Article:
Go to market – Despite all the hype, the dominant delivery model for software is still the on-premise one. This means that there may be resistance from customers to adopt the service. You could be too early. Or you may need to offer both a cloud computing service and an on-premise solution.

For cloud, the presence of industry heavy weights such as Google, Oracle, Microsoft et al, reinforces the validity of the market. Maturity will come, but until it does there are opportunities for new start-ups to steal a march on existing players – namely you.

Commercial arrangements – The traditional on-premise world was simple: customers paid for a perpetual license for the software and some form of optional annual ‘support and maintenance agreement. But the vast majority of the costs were up-front as part of the implementation project.

With cloud computing things are changing fast. There are different charging models varying from free or ad-funded with little or no support through to managed services with on-going annual, quarterly or monthly costs.

You will also find the customer negotiations on SLAs will be far harder. Before they wanted the software to work. Now they want it to work and be available, which is now your responsibility. Your customers will hold you accountable no matter who you have outsourced elements to.

Annuity revenue stream and motivating sales teams – The appeal of long term annuity revenue is compelling as a long term employee or shareholder but they will be far less excited about the P&L, balance sheet and margins all of which are far worse than the traditional on-premise models.

Career-minded sales teams are used to making big ticket sales and seeing equally large quarterly bonuses. They will not be motivated by promise of a far lower annuity commission stream, locking them into the company for years even though they will be better off in the long term.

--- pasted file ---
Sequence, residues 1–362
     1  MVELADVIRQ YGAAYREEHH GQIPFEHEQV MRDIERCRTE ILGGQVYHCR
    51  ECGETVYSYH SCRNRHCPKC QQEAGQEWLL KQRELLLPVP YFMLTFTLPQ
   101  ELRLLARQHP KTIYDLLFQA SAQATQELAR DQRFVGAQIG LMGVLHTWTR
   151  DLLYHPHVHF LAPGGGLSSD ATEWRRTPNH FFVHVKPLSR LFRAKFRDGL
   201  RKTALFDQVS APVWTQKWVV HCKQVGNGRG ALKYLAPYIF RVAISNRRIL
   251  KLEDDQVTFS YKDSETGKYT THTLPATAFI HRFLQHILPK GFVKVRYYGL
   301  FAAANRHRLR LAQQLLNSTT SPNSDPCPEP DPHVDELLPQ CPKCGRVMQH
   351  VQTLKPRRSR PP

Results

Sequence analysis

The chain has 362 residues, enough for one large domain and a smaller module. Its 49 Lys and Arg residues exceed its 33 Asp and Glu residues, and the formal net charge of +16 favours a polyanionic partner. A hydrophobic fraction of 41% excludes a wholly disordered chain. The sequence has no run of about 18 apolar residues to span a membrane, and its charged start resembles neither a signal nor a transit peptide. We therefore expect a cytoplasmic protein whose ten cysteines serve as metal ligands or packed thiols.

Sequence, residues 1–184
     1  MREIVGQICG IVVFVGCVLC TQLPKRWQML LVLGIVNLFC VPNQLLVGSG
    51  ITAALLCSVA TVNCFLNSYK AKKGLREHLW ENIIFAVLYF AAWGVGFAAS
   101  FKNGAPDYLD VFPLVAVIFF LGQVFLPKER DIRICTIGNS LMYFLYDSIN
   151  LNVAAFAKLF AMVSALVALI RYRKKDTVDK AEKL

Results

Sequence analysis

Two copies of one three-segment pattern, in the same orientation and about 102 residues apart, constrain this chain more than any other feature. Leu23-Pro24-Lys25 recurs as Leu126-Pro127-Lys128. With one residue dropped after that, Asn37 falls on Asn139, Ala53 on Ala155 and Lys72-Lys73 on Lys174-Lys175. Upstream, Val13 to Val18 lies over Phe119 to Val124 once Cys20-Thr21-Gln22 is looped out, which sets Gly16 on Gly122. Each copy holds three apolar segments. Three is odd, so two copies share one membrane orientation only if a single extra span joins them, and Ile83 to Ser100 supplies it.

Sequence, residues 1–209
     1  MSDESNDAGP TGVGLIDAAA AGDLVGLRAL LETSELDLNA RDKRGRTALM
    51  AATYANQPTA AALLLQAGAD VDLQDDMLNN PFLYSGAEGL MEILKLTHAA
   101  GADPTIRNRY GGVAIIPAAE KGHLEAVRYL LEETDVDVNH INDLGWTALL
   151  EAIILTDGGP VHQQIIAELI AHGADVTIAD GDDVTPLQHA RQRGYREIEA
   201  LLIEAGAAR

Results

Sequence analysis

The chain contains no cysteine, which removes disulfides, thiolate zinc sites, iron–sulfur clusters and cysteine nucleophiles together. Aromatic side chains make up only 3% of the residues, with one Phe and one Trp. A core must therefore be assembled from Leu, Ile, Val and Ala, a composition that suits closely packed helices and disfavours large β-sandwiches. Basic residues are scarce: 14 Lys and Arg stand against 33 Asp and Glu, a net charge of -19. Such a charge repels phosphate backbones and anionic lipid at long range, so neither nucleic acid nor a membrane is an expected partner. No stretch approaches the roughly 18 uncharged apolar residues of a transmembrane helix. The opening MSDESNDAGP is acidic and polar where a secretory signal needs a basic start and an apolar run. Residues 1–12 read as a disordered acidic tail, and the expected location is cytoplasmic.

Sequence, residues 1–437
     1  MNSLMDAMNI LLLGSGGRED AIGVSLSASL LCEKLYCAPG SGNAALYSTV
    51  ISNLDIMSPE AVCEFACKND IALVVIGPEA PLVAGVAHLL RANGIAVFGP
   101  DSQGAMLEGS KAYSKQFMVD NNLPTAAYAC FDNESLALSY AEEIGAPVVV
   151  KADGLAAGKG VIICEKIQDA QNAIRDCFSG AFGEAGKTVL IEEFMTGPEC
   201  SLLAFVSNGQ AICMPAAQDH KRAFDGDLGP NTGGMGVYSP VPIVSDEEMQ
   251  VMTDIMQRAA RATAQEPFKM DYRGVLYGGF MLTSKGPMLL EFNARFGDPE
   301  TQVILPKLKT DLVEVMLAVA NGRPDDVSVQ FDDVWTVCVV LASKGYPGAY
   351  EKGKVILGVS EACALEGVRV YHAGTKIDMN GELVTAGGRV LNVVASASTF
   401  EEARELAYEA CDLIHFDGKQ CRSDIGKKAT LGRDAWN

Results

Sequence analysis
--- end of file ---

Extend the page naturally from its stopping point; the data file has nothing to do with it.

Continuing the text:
One product or two? One company or two? – Should you be developing a new cloud application or migrating your existing offering? Do you need separate development, marketing and sales teams who can openly compete? The answers to these questions are strategically important but will be driven by your market and existing customers and the long term opportunity you see.

So to cloud or not to cloud?

With all this in mind, should you give cloud computing a wide berth? It depends. Everything we do in business (and life) carries a risk. The key is to understand the risks that we are taking, and the associated rewards so we can make informed decisions and put the appropriate risk management strategies in place. Critically however, there is a fundamental difference between risk management and risk aversion, with the later typically leading to stagnation, decay and failure.

Ian Gotts is CEO and Chairman of Nimbus Partners, an established and rapidly growing global software company, headquartered in the UK. He is a very experienced senior executive and serial entrepreneur, with a career spanning 25 years. Ian has co-authored a number of books including “Common Approach, Uncommon Results”, published in English and Chinese and in its second edition, "Why Killer Products Don't Sell" and books covering Cloud computing from the perspective of both the prospective buyer, and the software vendor. Having begun his career in 1983 as an engineer for British Rail, Ian then spent 12 years at Accenture (nee Andersen Consulting) specialising in the project management of major business critical IT projects. During this time, he spent two years as an IT Director, seconded to the Department for Social Security (DSS), with a department of over 500 and a budget responsibility of 40 million pounds.

  • I read this piece with great interest, as it hit quite closely on a topic which I recently presented in Frankfurt on “Cloud is going to change everything for those of us in the world of software”. This may sound ominous and suggest we are in for some tough times, but I argue that for those who embrace the cloud now, being cloud enabled will represent a significant competitive advantage very soon.

    I liken the move to the cloud is very much to the move from DOS to Windows all those years ago. Where would you be right now if you had stuck with DOS?

    We all know the benefits that the cloud offers (greener, more efficient, lower costs, etc) but if your business is building business applications how are you to adapt to designing and building applications in the cloud? Doubtless this process requires thought and investment in a lot of other elements that do not necessarily relate to your business.

    I believe the solution lies in doing what we do differently and considering the new breed of application platforms which can be used to build and deploy full client, rich internet applications (RIA), mobile applications and Software-as-a-Service (SaaS) offerings, and which enables the developer to focus on what to do rather than how to do it.